Honestly, I doubt that we will dissuade many people from the route unless they are genuinely unaware of the options. Plenty of folks are happy to spend 'not their money' on becoming a doctor as easily as possible. Not a lot of people want to hear the work harder, be geographically flexible, and fiscally responsible version of how to do that. Similar to how most people do not want to hear advice on how they should by a used Toyota Corolla instead of some other flashy car.

I disagree! I'm one of the people that this forum talked out of getting a psyd. I think the information that people give here can positively impact people. I think lots of people read the forum who don't post. I also think that our message is more effective if we're respectful rather than snide.
 
  • Like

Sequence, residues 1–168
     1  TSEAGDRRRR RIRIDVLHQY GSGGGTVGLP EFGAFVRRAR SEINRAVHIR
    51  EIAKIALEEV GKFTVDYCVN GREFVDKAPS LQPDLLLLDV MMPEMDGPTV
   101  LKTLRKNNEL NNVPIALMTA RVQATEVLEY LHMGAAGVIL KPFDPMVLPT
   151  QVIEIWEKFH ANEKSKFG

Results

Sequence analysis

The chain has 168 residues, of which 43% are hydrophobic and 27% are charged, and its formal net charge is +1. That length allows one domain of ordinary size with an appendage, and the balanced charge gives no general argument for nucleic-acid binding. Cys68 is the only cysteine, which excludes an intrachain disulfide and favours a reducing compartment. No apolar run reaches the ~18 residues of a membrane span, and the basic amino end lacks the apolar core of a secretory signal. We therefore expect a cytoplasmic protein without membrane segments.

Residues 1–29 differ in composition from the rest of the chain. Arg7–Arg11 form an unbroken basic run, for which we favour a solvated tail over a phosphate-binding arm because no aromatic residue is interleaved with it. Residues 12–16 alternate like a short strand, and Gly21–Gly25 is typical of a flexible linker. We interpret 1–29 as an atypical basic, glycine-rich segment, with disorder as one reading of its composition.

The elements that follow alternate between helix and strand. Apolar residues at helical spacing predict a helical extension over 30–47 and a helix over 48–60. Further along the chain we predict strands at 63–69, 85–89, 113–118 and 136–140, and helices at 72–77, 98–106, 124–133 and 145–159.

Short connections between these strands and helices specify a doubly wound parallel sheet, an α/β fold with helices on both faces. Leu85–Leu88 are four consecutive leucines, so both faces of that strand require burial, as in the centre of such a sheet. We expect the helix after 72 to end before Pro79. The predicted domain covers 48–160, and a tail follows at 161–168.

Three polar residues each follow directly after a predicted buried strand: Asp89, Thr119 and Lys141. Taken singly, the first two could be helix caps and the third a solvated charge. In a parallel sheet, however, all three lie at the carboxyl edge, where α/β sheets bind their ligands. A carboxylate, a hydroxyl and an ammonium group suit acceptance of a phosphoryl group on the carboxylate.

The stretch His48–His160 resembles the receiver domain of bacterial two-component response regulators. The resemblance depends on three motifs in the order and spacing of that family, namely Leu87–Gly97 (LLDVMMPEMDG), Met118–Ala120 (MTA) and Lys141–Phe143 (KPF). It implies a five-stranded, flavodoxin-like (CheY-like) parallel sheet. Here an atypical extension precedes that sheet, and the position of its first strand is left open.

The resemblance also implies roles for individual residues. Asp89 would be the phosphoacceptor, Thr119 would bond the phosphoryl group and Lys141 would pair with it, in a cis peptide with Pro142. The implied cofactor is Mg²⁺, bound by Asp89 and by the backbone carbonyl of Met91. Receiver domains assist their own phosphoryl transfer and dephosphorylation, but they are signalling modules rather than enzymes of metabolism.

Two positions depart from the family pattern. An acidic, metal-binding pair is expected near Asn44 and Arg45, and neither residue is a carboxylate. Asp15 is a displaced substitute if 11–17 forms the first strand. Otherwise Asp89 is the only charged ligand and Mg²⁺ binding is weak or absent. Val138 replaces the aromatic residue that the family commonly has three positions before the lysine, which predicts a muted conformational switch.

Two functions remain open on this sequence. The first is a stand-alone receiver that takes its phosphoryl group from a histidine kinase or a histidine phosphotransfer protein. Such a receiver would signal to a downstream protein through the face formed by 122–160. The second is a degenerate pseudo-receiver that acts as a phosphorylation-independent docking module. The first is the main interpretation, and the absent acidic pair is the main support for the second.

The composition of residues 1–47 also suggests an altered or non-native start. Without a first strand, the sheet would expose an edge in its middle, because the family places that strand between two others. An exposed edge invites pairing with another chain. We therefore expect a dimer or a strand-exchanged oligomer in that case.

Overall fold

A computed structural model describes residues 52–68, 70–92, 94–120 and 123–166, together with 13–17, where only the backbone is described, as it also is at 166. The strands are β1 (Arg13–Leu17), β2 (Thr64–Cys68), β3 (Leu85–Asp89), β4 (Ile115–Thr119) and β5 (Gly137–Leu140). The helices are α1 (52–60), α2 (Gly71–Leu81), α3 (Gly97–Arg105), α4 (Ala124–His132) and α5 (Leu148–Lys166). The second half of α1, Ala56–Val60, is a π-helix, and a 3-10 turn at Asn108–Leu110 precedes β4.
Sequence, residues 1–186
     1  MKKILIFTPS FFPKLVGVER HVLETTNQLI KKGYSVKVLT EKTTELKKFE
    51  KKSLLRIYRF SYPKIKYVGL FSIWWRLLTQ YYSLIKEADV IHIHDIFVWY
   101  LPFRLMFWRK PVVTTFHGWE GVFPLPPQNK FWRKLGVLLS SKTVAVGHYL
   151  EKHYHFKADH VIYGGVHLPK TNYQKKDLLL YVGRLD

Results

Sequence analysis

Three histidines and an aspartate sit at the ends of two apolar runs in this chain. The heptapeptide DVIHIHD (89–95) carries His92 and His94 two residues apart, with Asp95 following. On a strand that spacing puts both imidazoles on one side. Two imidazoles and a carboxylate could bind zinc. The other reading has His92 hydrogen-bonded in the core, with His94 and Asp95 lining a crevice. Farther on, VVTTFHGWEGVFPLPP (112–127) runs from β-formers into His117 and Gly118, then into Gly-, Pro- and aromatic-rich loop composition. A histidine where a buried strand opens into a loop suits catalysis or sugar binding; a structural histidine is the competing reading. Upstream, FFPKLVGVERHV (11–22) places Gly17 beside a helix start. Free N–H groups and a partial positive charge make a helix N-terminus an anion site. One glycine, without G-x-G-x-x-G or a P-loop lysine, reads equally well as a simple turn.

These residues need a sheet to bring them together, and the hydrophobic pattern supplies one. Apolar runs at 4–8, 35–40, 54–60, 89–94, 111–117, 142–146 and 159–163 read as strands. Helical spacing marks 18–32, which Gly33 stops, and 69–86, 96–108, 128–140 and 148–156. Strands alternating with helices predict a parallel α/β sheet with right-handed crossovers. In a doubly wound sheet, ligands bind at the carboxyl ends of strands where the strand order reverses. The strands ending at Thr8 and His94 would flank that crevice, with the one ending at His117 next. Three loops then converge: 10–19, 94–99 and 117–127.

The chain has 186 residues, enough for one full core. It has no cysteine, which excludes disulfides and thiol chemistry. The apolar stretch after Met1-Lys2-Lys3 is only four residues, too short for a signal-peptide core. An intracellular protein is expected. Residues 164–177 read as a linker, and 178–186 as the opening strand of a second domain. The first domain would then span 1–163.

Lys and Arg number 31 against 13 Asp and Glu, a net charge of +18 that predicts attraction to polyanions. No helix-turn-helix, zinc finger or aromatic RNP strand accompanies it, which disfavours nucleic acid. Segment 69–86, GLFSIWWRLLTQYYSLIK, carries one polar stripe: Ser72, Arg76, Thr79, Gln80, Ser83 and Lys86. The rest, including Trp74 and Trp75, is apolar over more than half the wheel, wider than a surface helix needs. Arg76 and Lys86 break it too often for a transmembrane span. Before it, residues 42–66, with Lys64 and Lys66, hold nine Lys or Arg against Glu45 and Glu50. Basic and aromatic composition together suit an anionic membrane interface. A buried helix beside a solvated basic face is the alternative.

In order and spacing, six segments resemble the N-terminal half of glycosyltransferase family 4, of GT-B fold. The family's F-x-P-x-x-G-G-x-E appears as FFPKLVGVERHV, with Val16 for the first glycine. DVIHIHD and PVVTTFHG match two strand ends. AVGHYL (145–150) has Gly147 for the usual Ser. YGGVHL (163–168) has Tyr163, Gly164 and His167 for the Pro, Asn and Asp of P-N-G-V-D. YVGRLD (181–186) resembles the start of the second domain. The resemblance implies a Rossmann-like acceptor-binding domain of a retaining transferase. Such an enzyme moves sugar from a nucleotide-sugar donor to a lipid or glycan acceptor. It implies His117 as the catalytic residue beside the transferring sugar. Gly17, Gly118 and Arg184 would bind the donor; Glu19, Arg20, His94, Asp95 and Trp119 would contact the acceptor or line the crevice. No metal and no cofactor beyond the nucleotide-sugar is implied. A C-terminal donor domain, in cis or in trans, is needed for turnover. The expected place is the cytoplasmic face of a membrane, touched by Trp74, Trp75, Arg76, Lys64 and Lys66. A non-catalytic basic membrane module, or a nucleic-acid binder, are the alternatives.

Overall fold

Reactions: 2 users
I share people's concerns about what these kinds of high-debt programs do the profession. AND I'm sometimes concerned that the mocking tone we take (and I've certainly been guilty of this) on this forum doesn't help dissuade people from taking the diploma route route, and may in fact do the opposite. When people feel mocked, they stop listening.

I disagree.

1) The short format of this forum doesn't really favor a reassuring and slow process.
2) How many times have your friends laugh at your bad ideas? That process stopped me from buying a glider plane.
3) What is more mean?
a. Hurting someone's feelings in the short run, saving them from a bad decision that affects them for decades
OR
b. Being nice to someone, having them misinterpret the idea as support, and letting have long term consequences?
 
  • Like
Reactions: 3 users